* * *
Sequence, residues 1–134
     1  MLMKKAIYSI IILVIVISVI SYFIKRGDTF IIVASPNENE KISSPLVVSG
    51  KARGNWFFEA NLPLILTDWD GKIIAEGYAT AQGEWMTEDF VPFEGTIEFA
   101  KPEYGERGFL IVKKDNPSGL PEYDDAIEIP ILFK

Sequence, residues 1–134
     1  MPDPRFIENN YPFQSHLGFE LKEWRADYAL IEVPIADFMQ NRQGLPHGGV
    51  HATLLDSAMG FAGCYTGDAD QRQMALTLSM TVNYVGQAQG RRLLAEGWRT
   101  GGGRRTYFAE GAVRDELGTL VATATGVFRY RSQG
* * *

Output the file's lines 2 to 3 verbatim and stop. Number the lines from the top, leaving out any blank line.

     1  MLMKKAIYSI IILVIVISVI SYFIKRGDTF IIVASPNENE KISSPLVVSG
    51  KARGNWFFEA NLPLILTDWD GKIIAEGYAT AQGEWMTEDF VPFEGTIEFA